Jay Little - Software Obsessionist
A Testimonial: Why I stopped using Mozilla products
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09/16/2004 03:31:41

If any of you have spent any reasonable amount of time crawling around the tech sites of the internet recently you may have noticed something regarding the "preferred" choice of internet browser. That choice (at least among the proprietors of such sites) is no longer Internet Explorer. No I don't mean that these sites disallow IE users or anything silly like that... I just mean that lately Mozilla's browser product FireFox has been getting a lot of positive attention. Most of which sounds pretty good up front. Well before you go down the road that I've spent the last few months on.... read this first.

A few months ago I installed FireFox on a number of my Windows machines in an effort to 1) begin using a browser that was reportedly less insecure than IE and 2) better myself when it comes to testing out the web applications I develop on alternative browsers. I also went ahead and decided to give Mozilla's stand-alone email client, Thunderbird a shot in an effort to wean myself off of Outlook 2003. Yesterday I reached the untimely end of this testing phase when using these two products suddenly became more hassle than they were worth. Here is why:

  1. Firefox and Thunderbird are not as secure as the pundits would have you believe. In the last few months the Mozilla team has patched a large number of critical security holes in these products of theirs. But even Mozilla's own page cannot be bothered to list more recent security holes such as the major one that hit the news today. Things have gotten so bad that apparently the Mozilla team has found it profitable to begin paying people to fix their many security holes. So much for the theory that Open Source Software is more secure by default eh?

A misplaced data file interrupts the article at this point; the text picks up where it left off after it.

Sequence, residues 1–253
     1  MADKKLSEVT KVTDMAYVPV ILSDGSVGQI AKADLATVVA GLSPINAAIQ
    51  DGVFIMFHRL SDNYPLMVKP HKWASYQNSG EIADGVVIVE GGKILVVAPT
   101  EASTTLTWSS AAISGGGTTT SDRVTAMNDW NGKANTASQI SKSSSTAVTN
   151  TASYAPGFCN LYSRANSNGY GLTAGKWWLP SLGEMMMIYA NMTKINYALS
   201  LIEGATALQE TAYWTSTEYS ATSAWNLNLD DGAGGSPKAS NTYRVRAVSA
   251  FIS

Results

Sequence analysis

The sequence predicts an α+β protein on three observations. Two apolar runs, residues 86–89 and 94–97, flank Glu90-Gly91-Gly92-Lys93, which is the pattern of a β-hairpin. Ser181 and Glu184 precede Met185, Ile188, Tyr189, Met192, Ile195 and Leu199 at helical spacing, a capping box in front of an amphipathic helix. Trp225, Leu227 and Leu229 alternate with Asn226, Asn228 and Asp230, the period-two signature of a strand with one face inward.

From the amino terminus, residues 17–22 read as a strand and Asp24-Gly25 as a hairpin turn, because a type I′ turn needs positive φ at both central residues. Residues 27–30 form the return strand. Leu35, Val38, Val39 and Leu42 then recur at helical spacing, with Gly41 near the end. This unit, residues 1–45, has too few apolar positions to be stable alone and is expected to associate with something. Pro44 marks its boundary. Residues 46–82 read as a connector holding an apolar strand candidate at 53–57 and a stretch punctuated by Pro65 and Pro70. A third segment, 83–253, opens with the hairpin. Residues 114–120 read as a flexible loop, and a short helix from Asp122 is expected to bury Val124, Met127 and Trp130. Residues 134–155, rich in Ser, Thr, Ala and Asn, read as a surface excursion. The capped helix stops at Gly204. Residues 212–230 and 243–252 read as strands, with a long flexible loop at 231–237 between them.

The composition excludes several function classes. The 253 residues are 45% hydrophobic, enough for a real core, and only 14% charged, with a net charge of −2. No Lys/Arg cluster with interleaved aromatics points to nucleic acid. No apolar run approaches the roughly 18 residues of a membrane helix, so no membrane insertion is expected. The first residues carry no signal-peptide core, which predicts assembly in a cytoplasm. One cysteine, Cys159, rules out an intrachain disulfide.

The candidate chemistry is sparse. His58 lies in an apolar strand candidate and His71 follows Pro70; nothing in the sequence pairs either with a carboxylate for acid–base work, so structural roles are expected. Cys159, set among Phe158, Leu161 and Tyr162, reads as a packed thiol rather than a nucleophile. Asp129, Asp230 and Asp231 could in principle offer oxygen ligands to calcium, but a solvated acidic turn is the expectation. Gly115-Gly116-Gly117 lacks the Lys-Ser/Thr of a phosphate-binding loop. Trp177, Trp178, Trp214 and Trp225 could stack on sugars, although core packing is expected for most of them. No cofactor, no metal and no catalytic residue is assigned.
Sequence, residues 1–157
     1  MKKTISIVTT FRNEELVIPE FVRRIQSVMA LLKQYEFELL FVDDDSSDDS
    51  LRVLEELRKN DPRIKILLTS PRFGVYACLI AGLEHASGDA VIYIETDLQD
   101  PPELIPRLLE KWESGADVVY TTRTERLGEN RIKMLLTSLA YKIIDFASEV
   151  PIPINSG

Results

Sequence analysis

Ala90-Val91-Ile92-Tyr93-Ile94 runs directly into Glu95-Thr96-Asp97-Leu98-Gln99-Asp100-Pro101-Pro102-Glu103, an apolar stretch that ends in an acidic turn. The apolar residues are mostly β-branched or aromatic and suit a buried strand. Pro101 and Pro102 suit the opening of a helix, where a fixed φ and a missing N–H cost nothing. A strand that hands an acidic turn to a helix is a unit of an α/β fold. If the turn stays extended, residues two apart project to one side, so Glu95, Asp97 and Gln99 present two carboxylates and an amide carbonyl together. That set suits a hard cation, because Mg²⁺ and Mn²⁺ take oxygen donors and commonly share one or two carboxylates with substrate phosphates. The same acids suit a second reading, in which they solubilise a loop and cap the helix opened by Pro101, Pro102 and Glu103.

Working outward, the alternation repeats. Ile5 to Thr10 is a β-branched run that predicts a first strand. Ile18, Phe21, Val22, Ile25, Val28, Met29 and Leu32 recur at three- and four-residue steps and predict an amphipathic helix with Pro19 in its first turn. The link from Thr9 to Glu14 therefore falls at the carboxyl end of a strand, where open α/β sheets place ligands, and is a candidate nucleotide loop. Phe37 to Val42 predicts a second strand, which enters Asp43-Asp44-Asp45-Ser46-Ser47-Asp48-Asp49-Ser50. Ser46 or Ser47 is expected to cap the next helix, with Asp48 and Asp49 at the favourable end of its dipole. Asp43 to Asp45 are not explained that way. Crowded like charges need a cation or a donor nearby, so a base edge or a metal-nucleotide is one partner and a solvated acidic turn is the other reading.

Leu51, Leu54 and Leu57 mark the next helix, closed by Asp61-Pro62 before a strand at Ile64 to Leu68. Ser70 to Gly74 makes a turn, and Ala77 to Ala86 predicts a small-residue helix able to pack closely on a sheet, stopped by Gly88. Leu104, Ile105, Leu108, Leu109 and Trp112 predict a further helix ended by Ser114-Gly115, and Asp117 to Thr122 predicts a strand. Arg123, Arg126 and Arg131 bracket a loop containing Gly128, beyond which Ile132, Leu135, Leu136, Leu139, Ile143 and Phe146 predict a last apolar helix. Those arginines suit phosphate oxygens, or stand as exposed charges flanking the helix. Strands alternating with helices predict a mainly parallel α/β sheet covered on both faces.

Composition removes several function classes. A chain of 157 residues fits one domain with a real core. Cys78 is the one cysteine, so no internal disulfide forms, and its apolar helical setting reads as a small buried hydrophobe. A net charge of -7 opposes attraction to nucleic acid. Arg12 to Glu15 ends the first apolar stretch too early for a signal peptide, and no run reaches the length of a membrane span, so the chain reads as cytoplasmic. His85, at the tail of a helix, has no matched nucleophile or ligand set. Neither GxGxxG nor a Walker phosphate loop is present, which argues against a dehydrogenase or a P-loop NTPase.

2. Firefox does not play well with Windows. Thats right folks, it simply lacks some of the smooth and lovely refinements we have come to expect from professional level applications on the Windows platform. For instance when I upgraded to FireFox 0.93 from FireFox 0.91 some time ago, I did not bother to uninstall FireFox 0.91 first (most Windows installer programs handle this situation just fine). The new version installed fine but did not bother to remove the installation for the old version. Well "this is not a problem, I'll just uninstall the old version" right? Wrong. Uninstalling the old version also removed critical files for the new version. At this point I was unable to either use the 0.93 version of Firefox or uninstall it. I had to resort to a Microsoft endorsed registry hack to remove the program in its entirety from my system.

  3. Thunderbird is a horribly broken email application. There is simply no other way to explain its shortcomings. For starters up until about three months ago, Thunderbird required that each email account have it's email stored within an entirely different set of data folders. This is stupid. Somebody finally clued in three months ago and added a new feature called "Global Mail Storage". This sounds great until you realize that this feature breaks a lot of other features such as Mail Filtering. Then once you figure this out you eventually find yourself browsing the Thunderbird Bugs Forum and you will no end to the discussion regarding the amount of bugs currently in Thunderbird 0.8.

  4. Thunderbird can't even manage basic migration from other email programs. For instance when I converted my email directly over from Outlook 2003, it only converted the emails and completely dropped all of the attachments. It even managed to mangle the receive dates of a number of those emails in the process. Eventually I had the bright idea to import my Outlook mail into Outlook Express and then import the OE mail into Thunderbird. This worked better however it still managed to mangle the dates of a number of emails. Also when downloading new email I found that it would far too often mangle the receive date on new emails. For instance I could receive an email five minutes after it was sent today and Thunderbird might instead tell me that I received that email 18 months ago. As somebody who has religiously hoarded emails over the last four years, this is simply not acceptable in my book. I also found it odd that a number of emails that I had with inlined images did not always display correctly in Thunderbird. Typically half of the images would still be inlined and the other half could only be accessed as attachments.

For the reasons stated above, I have firmly decided to continue using Internet Explorer 6.0 (with a little bit of Avant Browser goodness) and Outlook 2003. The fact is I would rather pay for reliable email client like Outlook 2003 and put up with the lack of up-to-date standards support in IE (most notably PNG and CSS2) then spend another day using any Mozilla product on my Windows machine.

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